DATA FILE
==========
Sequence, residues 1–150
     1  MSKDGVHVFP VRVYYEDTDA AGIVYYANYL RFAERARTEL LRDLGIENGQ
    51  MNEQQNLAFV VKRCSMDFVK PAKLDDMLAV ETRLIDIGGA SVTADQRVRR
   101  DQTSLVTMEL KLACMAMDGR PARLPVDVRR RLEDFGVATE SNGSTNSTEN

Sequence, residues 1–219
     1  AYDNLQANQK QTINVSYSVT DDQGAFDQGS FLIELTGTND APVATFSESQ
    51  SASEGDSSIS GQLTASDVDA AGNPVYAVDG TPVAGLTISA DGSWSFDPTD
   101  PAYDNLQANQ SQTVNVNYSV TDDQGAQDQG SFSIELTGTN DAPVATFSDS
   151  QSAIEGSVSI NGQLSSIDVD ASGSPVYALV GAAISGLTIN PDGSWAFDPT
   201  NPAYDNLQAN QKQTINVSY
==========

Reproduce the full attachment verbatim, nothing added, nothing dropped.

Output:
Sequence, residues 1–150
     1  MSKDGVHVFP VRVYYEDTDA AGIVYYANYL RFAERARTEL LRDLGIENGQ
    51  MNEQQNLAFV VKRCSMDFVK PAKLDDMLAV ETRLIDIGGA SVTADQRVRR
   101  DQTSLVTMEL KLACMAMDGR PARLPVDVRR RLEDFGVATE SNGSTNSTEN

Sequence, residues 1–219
     1  AYDNLQANQK QTINVSYSVT DDQGAFDQGS FLIELTGTND APVATFSESQ
    51  SASEGDSSIS GQLTASDVDA AGNPVYAVDG TPVAGLTISA DGSWSFDPTD
   101  PAYDNLQANQ SQTVNVNYSV TDDQGAQDQG SFSIELTGTN DAPVATFSDS
   151  QSAIEGSVSI NGQLSSIDVD ASGSPVYALV GAAISGLTIN PDGSWAFDPT
   201  NPAYDNLQAN QKQTINVSY